WRKO>Audio & Video on Demand>>Former Vice Chairman of the Federal Reserve Board Alan Blinder and author of After the Music Stopped: The Financial Crisis, the Response, and the Work Ahead

Former Vice Chairman of the Federal Reserve Board Alan Blinder and author of After the Music Stopped: The Financial Crisis, the Response, and the Work Ahead

Jan 29, 2013|

Former Vice Chairman of the Federal Reserve Board Alan Blinder and author of After the Music Stopped: The Financial Crisis, the Response, and the Work Ahead

Transcript - will not be 100% accurate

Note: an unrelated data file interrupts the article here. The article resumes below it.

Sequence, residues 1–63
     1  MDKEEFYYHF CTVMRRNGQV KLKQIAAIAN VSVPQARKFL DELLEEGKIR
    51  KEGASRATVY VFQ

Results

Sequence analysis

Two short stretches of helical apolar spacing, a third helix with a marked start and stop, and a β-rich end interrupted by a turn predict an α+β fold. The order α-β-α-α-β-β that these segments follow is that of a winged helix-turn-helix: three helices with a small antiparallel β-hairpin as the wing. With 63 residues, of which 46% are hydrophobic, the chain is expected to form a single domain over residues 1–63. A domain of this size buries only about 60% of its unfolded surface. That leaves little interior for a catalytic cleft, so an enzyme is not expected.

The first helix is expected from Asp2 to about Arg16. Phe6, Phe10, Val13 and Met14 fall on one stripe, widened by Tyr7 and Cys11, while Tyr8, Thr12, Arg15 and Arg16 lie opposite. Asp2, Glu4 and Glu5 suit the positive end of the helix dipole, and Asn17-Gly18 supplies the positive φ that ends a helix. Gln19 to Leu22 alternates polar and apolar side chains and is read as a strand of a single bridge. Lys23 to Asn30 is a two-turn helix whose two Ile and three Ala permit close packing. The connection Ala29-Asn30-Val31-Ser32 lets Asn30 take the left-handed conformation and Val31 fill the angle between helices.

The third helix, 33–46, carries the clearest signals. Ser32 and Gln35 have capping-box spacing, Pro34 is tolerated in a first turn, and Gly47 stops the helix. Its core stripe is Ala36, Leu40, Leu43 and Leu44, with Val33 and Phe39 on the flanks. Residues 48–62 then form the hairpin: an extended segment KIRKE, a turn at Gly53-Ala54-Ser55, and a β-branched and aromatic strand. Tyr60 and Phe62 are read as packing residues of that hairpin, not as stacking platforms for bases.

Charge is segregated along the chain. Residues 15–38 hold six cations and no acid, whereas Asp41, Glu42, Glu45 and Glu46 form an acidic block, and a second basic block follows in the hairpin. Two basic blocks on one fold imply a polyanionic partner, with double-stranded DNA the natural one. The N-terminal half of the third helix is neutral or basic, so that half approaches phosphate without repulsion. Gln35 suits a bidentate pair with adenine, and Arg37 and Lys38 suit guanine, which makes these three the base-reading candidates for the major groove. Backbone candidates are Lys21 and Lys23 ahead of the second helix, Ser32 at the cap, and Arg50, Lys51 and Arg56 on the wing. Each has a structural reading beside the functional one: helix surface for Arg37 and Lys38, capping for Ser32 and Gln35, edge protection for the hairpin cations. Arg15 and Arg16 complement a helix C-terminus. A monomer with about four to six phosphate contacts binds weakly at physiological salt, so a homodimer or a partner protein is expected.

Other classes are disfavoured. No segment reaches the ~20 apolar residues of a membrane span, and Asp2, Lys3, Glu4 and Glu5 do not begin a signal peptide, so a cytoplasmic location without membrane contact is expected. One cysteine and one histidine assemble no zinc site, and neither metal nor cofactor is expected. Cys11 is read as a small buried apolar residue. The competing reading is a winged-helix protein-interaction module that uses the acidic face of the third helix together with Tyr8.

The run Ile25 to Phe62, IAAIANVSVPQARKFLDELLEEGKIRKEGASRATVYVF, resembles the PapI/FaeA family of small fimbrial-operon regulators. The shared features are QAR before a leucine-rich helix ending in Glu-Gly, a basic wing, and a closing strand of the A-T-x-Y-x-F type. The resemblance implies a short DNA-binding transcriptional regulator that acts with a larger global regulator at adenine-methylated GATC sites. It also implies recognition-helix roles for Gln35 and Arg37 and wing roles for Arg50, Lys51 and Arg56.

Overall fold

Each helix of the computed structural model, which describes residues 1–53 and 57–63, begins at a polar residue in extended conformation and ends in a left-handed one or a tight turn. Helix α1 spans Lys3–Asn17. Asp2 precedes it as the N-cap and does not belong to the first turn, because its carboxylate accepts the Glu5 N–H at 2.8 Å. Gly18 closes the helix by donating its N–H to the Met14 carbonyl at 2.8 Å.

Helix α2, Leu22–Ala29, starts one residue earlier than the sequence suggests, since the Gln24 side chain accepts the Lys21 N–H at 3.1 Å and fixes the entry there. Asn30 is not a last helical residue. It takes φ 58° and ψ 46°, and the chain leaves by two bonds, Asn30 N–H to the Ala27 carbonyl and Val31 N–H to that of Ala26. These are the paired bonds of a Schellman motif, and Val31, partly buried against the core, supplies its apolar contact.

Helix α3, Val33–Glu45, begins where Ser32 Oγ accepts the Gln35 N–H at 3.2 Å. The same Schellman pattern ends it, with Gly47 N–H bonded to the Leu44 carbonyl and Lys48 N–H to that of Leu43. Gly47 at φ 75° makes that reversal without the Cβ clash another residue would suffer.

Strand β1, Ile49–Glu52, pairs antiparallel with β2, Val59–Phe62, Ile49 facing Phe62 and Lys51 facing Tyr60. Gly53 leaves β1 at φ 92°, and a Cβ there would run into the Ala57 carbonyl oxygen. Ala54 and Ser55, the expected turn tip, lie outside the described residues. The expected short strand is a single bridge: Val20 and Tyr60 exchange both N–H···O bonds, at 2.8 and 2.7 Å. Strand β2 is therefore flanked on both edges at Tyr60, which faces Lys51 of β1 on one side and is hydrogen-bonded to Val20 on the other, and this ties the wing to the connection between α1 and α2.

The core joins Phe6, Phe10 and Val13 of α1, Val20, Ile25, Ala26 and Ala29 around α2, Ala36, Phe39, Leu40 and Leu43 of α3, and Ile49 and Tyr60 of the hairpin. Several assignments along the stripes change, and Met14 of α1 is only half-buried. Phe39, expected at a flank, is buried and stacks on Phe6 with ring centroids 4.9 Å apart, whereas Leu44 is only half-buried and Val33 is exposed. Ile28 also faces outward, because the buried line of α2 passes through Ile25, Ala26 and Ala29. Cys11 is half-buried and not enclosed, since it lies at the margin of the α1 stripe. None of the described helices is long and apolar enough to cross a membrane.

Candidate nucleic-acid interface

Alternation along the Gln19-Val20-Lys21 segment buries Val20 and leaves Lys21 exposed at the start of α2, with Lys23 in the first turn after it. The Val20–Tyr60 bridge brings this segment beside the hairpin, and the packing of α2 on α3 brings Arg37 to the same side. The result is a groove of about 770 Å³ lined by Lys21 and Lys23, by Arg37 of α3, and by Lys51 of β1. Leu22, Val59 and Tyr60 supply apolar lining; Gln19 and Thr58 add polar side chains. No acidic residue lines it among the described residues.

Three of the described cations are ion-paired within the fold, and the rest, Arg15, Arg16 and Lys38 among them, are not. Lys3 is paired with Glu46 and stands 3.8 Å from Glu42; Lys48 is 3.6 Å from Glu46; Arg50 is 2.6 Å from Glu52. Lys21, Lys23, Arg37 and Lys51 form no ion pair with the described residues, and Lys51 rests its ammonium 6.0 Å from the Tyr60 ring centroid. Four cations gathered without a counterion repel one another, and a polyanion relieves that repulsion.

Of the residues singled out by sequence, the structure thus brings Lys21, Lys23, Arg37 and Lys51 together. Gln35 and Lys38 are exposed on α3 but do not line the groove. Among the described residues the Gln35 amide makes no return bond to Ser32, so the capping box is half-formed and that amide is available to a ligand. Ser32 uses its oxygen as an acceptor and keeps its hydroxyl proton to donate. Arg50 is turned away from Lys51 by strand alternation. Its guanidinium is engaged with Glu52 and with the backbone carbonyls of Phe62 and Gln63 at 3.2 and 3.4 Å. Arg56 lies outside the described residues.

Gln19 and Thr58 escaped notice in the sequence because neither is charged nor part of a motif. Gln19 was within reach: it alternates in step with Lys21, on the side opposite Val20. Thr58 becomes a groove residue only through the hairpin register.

Alan Blinder is the former vice chairman of the Federal Reserve board and he's the author of the new book. After the music stopped the financial crisis the response and the work still to be done ahead. Good morning professor welcome to the show. We appreciate your time -- in retrospect now you've had time to study the financial crisis of 2008. Did the United States -- are we did Wall Street caused the near collapse of the global economy. Well yes I wouldn't stated get a bunch of samples up you know we all of the little -- goal line that the enemy was -- We have this huge housing bubble and Wall Street could not a manufactured by itself. But what Wall Street did it. With the Wall Street and the banks double the old street. Is built on top of that housing bubble especially the sub prime part. They. -- a whole host of derivatives -- securities that have really existed before. That may or a much bigger financial ball -- barely mortgages. Can you give us an example because I think we all know and have heard stories about how people. You know that they called them the ninja loans right no income no job no assets people bought a house for in with no money down. But can you give us an example of some of these you know he called them derivatives and and other complex financial products. -- give us an example of of how those were manufactured. Bullets started with. DO what's called the CDO collateralized debt obligations what was that doubles so highly of these various mortgages. Into it back. From and then selling off like like placing the salami. Postal people took the bottom lights which colorfully got called later the toxic waste. That was where all the risk was supposed to -- and that there were others that you got all the way to the top which Gupta particulate Spain by the way. Super senior. As if you know this is so they if you could that your life. Hopefully nobody did -- like a lot of people did that money. -- That ordering was -- and though many were predicated on the notion based on recent history that default rate on mortgages would never be that. But what you got at the bottom of this Alabi. Sub prime mortgages injury alone liar alone the better etc. You've created a very risky. Structure. You know you have you went for the life of me -- I've never understood how that was not illegal. -- they -- your your college professor -- just like common sense would tell you that should be against the law how what it's like it how was that not a legal. Well the people in the industry will will say and assumptions to it although you know you could -- to stretch it. That these were being sold to sophisticated investors with transparency. So people do what they were buying it's not illegal but people take risks. Financial market and we certainly don't want to but he -- And -- Tibet but it is also true in the fact that. Really a lot of the buyers didn't know what they were buying they would -- led by the AAA -- -- that was put a bomb. Some especially those -- procedures that is just. Referring to was that there was no risk. Whatsoever and even. -- of wall -- themselves as evidenced by the fact that how -- really need that at the end really I don't think fully understood. What the world they were. That rate it's that's scary it. He has anything been done since then to clean this up to make sure it doesn't happen again I mean. I I've I've studied Dodd-Frank but I have to tell yeah I don't fully understand it. Sure well it's plenty 390 page so I don't do. One important thing it's been about frank you know Iowa -- they discuss why should the the government at the -- for the banks that indicate. 01 title of dot franks is all about safety Atlantic. It's meant to make sure that it alone liar loans boat dock loans etc. ever happen again. Now that can even be necessary to write in the law but apparently it was. So I think it appeal and coupled that with these frightening experience that allowed these banks went through that at least for a while we have some. Security I don't -- a -- insurance because it's not sure it's. But some security that nothing like this will happen again soon bit bigger here of course is it'll pop ups the. Have you noticed that none of the politicians involved have taken any accountability for this at all you know I think in about. You know the good people that were involved in Fannie Mae and Freddie Mac. Let there be Barney Frank whether it be George Bush right he he wanted to inspire homeownership. None of them really said oh yeah -- you know what I'm I'm I screwed up and and again they keep you talked to Barney Frank he denies any culpability associate with this act at all. Electing politicians don't really want you know that's something you want to get in there and have the cameras rolling and take credit for I can -- bridge got built the new congressional district. -- opposite practiced a little bit you know even to rescue the rescue that got us that this was very well -- but you don't see. Up politicians. Like you don't even see the -- secretary of the treasury. Would -- a bit. Trying to claim credit. Second and ten all right. -- Hank Paulson deserves an awful lot of credit doesn't. I think they both do. All that was sitting in the hot seat when the explosion. Everybody go -- into the air and tactical unit to make some mistakes and have criticized the order the book. But by and large. The policy that he put through especially the part -- people think the capital on a program that bush. Tell us about that did tell us about TARP remind us a -- of how we really averted this global depression that we could have gone into it could have been. 2535%. Unemployment. I -- so. Part stood for -- put stamps were troubled asset relief probe of the original idea. Was that. The markets for these mortgages and securities based on mortgages which as you've just been speaking about. Have moralists ceased functioning. So you couldn't buy and sell any thing -- there was no market development that mortgage that it was basically. Dry up or had. Dried up so the idea was to buy troubled assets -- push up their price at re create a market where they used to be a market but a whole lot. Of what those things that I believe we'll but the -- the ball -- Was that that was never got the part. Right at the beginning of the -- he decided it was better deploy it. To buy stock in banks -- by infusing more capital into the banks because the banks were really short. On capitol. And it's not that I think that was a bad thing to do or say. But I think forgetting about buying the troubled asset. What's at stake and politically or aviation public relations. Why is it gave the park but terrible bait and switch. Appearance. He went down with Ben Bernanke asking congress to appropriate huge amount of money to buy troubled that that. And then within days he was saying we're not buying and truck. That looked -- bet a lot of people. -- a decade to because the big boys got bailed out though and the little guy lost his house Bryant got out. -- that was the other big problem like a peep about this is how much we did for the financial bailout what was necessary. But how little we did to bail out homeowners network -- -- Terrible position. Professor I know you have to run but I'd love to have you back because my big concern is could this happen again. And I know you address in your book so I'll I'll talk to your your publicists and see if you can come back and help us out some more. -- -- be great thank you very much. Thank you professor. That's professor Alan Blinder -- former vice chairman of the Federal Reserve board. Author of the book you need to read this book if you're if if you're a history buff like I am read the book it's fascinating now because I lived through this crisis. It's called after the music stopped now -- professor Alan Blinder. From the Princeton university and -- use of former vice chair at the Federal Reserve. And that the the thing that it's scary June news about all -- I'm not sure could happen again. You know again I'm not sure why would it. You know I I felt better knowing that I'm not the only guy they didn't fully understand Dodd-Frank. 2300 pages long. You know Heidi -- understandably -- and less time to read it -- like memorizing worn piece right right right it's a pretty hard to do. They we're gonna talk in the next say or talk about the Museum of Science. Here they're they're gonna open a new gallery at the analysts so we'll talk about that when we come back on the financial exchange.